January 16, 2015
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What Is Tinderbox?

A New User’s Perspective

by John Wiegley

I've been reading the manual, playing around with Tinderbox, reading every resource on the Web, and comparing Tinderbox to apps which seem "adjacent" in the information management space.

It occurs to me that Tinderbox is confusing to people because it consists of layers of increasingly advanced functionality, and that one is not required to know or use all the layers to make use of Tinderbox.

These are the layers I see, as they unfold:


Initially Tinderbox is a place to take notes, but not to do anything with those notes. And at first it's just titles and text. Lots of tools do this. It's a convenient place to dump tons of small snippets of text. (It could be better at capturing such information from other apps too, by providing a clipping service).


Once you have lots of notes, you can organize them, either hierarchically or visually. Lots of tools do this also, but I like the way that Tinderbox links the outline and map views. OmniGraffle can do this also, but the Outline is definitely the second class citizen in that context.


Later come attributes, stamps and prototypes, as ways of better managing the metadata associated with your notes. This is a very easy way to tag things, add checkboxes, etc. It doesn't necessarily have much value initially (it's hard to know what metadata to track, which prototypes need to be created, etc), but lends itself to real power down the road.

Not nearly as many tools do this, or do it well. I've never found rich metadata to be a strong suit of either DEVONthink or OmniOutliner, for example. There is some capacity, but it's never as convenient in the way it can be with stamps and prototypes.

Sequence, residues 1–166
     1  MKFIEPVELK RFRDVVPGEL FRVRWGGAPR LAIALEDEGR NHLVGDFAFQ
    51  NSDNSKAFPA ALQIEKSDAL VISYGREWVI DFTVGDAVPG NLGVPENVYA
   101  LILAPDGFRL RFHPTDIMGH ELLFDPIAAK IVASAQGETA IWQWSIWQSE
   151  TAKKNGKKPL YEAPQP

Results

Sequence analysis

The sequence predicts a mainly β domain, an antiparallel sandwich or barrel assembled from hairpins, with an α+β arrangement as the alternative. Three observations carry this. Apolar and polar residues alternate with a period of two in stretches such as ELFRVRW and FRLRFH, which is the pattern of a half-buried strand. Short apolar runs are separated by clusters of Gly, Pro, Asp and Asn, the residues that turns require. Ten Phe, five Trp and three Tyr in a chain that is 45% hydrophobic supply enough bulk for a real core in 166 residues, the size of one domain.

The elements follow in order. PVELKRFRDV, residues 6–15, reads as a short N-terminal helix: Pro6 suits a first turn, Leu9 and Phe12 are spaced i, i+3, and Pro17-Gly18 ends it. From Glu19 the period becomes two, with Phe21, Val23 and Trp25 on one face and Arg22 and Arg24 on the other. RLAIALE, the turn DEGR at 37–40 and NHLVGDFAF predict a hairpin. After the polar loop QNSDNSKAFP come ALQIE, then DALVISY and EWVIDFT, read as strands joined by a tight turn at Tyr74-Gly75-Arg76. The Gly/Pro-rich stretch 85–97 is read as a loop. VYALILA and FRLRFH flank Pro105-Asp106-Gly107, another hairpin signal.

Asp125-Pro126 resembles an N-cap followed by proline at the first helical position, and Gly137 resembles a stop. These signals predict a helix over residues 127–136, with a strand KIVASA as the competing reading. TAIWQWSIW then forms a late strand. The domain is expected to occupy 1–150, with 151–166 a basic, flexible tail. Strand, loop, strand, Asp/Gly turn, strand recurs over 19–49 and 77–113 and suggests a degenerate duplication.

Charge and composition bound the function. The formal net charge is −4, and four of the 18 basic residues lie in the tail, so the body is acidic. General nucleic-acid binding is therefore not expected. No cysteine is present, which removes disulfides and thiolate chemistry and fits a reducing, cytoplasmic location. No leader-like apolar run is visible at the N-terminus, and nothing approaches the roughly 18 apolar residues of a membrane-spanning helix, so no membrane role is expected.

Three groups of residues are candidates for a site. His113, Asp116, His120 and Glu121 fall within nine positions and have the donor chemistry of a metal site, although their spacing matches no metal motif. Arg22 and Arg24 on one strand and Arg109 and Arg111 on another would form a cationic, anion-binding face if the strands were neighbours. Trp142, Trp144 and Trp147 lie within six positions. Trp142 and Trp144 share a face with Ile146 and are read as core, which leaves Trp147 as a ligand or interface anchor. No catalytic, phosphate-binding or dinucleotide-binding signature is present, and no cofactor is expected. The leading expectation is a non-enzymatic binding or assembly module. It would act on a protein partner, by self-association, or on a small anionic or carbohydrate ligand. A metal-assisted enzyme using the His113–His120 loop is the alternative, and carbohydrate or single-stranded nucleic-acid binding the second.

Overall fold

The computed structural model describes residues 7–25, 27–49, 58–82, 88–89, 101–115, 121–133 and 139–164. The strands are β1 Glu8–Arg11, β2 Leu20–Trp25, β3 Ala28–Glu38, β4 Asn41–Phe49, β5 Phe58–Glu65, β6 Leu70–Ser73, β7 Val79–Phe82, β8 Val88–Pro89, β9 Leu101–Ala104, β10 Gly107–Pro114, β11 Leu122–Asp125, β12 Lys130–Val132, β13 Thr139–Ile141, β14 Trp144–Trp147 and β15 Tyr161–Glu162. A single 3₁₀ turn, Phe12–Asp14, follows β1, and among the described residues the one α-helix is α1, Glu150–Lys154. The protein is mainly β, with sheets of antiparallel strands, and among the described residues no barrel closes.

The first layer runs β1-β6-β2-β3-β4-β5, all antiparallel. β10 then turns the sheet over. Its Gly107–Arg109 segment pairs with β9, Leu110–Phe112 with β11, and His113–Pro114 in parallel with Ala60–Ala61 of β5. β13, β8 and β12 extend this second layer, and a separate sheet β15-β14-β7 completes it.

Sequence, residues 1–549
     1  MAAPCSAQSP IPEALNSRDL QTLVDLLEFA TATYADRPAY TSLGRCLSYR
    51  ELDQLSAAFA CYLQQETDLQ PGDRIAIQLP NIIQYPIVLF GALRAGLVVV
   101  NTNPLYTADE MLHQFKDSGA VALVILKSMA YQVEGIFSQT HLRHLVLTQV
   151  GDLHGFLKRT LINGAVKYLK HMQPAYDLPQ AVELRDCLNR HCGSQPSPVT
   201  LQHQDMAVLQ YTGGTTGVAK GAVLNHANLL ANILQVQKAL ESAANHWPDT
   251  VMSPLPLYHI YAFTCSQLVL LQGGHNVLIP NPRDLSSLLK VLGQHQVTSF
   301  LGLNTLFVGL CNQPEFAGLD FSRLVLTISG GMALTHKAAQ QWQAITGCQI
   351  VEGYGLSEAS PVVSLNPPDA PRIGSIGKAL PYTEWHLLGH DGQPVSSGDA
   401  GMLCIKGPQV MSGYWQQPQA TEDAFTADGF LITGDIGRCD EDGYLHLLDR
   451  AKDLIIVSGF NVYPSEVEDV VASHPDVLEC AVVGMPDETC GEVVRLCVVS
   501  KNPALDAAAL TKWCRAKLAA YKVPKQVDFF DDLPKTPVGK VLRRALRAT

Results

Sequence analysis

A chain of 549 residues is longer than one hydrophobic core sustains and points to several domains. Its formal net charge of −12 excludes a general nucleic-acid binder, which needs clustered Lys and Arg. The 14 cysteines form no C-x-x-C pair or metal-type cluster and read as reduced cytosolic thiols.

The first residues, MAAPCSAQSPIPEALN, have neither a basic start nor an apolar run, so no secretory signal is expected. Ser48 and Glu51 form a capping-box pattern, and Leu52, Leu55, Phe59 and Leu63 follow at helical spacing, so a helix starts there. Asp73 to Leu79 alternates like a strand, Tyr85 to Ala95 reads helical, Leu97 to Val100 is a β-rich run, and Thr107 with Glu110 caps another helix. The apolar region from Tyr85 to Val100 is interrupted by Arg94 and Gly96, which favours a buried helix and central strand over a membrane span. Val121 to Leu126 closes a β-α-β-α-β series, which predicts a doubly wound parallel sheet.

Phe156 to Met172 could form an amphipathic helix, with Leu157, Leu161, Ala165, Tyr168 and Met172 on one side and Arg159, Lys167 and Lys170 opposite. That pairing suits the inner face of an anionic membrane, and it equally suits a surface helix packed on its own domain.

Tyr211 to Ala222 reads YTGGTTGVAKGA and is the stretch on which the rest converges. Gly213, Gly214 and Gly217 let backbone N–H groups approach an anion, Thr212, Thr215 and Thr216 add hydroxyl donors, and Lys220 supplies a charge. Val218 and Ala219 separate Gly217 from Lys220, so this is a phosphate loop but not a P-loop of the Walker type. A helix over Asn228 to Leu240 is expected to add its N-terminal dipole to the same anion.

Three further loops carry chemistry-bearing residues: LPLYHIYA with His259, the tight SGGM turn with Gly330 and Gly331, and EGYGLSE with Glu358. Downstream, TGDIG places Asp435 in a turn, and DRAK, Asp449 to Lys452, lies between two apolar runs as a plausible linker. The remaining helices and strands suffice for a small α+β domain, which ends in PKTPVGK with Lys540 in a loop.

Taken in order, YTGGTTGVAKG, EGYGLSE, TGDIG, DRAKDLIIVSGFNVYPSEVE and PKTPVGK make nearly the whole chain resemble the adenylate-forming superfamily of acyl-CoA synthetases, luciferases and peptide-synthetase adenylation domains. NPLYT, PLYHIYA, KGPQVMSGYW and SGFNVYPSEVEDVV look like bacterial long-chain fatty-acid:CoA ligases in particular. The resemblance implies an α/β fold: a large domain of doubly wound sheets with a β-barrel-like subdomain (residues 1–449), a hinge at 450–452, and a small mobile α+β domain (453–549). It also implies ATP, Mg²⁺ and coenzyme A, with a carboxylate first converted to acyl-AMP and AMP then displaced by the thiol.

Here we find agents, aliases and inter-note linking (made visual in the map view). Other apps call these smart groups or folders, symbolic links (or replicants), hyperlinks, etc. They provide ways of perceiving and building relationships among all the data you've accumulated.


Tinderbox's ability to provide intelligent, metadata-enriched presentation using patterns, background plots, display expressions, hover expressions, columns in map view, smart adornments, etc., are things I've rarely experienced in any other tool -- at least not in such a well-integrated way. I also think many of those who peek at Tinderbox (from what I've seen) never fully perceive this level.

And by presentation I don't just mean "you can see your notes on a corkboard". I mean that Tinderbox can reveal your data in content-driven ways that make it possible to visualize inherent, complex relations.

For example, let's say I'm a volunteer coordinate, and I need to pair up volunteers with projects. This is a many-to-many relationship, with volunteers possibly working on multiple projects, and each project having multiple volunteers.

In the map view, I organize volunteers using a People prototype on the left side, and projects using another prototype on the right side. I then draw lines to connect volunteers with the projects they've chosen to work on.

Next I create a rule within the prototype to color people and projects based on the number of incoming or outgoing connections. I want people to be colored on a spectrum from blue to green to red, where blue means available, green means fully tasked, and red means overloaded. Conversely, projects are colored so that blue means unstaffed, green is fully staffed, and red is overstaffed.

Now I can glimpse at the board to see where attention is needed, who is likely to burn-out, which projects are being neglected, etc. I can also use agents to summarize the hot spots, and suggest possible volunteer/project pairings based on need and availability. Or I could add metadata to indicate strenths and interests (as lists), which would make the suggested pairings even more intelligent.


The final piece of the puzzle is that your data can transparently mutate and evolve, based on all the above. This is where rules really come into play, so that data can change in response to additions and changes elsewhere in your "note space".

This aspect of Tinderbox is the least visual, and the most programming-oriented, and is an area I think few venture into. Yet it is also the most enabling capability of the app, since it can free one from rote manipulations that become impossible beyond a few hundred notes.

Finally, all these areas of the application fit together fairly seamlessly, so that it can be hard to see that in fact there are multiple tools available within this tool.